Pencil Renditions of the Troubadour

I’m feeling better.

Two days ago I lay

recuperating in a latent way.

Cranes adorn the rooftops—

twisting in their fetters—

of buildings in the ground and in the grey.

Here is the sting:

In the open arm that reaches

through an open flame to kill the leeches.

All across the sidewalk,

in the sunlight, writhing

like a twig in fire, darkness screeches.

Daylight dwindles

by the hour, sinking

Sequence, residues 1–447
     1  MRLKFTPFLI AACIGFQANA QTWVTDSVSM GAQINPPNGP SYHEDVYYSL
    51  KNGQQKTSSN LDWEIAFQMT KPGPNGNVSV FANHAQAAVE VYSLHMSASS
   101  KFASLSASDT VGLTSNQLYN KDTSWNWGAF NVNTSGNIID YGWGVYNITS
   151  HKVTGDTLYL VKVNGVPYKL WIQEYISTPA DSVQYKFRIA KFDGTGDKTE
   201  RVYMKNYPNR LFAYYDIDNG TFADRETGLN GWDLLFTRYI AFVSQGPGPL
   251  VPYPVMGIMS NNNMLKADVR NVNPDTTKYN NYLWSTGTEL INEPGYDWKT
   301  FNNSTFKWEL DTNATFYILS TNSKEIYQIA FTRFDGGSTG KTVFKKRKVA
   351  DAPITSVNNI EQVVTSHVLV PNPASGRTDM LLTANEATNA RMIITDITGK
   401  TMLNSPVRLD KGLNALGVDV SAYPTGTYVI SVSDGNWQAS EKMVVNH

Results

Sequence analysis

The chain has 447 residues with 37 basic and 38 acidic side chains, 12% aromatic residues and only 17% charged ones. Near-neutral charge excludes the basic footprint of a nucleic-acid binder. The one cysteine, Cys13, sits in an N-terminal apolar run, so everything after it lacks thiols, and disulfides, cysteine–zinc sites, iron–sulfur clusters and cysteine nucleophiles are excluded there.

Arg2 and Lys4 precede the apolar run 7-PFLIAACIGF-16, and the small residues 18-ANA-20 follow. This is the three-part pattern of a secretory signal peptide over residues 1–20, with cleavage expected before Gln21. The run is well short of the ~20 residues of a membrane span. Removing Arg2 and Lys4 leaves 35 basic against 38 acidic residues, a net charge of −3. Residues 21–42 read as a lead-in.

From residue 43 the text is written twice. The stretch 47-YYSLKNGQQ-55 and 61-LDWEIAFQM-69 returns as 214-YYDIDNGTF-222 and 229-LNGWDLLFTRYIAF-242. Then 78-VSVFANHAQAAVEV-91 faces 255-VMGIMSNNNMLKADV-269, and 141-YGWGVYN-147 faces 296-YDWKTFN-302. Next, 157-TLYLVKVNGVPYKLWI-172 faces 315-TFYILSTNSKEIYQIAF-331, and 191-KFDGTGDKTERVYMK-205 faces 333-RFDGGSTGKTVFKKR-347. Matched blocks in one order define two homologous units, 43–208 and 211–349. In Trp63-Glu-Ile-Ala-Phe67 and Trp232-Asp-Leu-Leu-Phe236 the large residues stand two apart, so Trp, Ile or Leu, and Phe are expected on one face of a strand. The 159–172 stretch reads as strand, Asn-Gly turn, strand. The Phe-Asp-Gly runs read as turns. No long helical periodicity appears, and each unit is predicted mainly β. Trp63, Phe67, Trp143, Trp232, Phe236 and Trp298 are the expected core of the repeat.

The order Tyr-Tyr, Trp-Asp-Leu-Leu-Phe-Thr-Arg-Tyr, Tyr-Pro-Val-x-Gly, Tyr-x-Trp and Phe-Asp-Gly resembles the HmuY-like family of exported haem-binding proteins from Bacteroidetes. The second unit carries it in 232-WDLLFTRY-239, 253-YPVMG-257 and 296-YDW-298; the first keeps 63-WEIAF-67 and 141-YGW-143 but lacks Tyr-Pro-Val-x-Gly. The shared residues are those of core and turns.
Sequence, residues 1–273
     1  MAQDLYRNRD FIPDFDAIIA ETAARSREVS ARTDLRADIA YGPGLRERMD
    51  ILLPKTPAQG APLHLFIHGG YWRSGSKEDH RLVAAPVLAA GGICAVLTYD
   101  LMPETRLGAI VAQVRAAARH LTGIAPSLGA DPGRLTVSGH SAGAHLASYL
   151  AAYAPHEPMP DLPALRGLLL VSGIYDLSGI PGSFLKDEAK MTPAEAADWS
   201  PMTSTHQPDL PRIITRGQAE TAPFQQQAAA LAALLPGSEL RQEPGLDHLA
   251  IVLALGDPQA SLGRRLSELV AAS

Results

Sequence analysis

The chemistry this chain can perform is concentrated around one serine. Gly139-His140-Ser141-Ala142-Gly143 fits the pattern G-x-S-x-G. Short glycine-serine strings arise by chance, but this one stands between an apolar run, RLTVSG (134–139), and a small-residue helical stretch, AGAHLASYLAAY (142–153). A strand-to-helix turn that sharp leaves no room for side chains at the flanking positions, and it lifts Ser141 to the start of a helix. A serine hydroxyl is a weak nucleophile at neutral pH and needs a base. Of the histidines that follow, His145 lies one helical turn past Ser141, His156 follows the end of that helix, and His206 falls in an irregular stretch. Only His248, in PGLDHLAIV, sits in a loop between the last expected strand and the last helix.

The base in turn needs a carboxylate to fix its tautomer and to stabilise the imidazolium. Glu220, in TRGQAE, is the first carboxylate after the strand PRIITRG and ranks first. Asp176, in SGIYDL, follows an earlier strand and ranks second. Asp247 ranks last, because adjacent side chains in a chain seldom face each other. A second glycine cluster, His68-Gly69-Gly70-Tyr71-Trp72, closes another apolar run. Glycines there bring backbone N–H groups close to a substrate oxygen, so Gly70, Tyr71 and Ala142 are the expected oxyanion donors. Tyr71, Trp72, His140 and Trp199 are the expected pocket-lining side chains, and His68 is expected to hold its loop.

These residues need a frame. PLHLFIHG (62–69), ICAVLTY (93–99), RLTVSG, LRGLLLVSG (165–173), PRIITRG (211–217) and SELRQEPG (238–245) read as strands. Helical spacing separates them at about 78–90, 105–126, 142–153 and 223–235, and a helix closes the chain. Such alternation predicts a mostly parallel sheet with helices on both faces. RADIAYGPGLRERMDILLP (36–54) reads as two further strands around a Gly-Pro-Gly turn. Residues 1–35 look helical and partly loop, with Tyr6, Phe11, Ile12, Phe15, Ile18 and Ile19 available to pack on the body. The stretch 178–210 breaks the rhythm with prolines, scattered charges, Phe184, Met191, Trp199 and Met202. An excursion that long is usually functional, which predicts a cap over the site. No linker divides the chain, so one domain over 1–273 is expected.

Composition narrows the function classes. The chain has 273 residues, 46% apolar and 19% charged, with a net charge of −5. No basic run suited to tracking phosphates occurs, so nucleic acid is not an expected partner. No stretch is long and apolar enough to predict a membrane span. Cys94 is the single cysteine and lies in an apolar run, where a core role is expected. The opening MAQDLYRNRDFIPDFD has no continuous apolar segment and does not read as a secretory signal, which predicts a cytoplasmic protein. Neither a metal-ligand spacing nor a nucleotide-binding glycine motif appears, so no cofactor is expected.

below the waistline of horizon’s god-king.

Every mountain’s peak—

each tree—is kindled

by that lord, unnamed, who waits there, thinking.

Still, beyond his vision,

past its very ends, there croons

the calm, reservèd man who is the moon.

He walks with legs of twilight,

in the night’s derision,

promising the sky he’ll be there soon.

I am chasing pictures

tonight: Pencil renditions of

the world at large against the world above.

There is no road, no

single word, no scripture.

At length, I’ll come to know a place I’ll love.


West Vancouver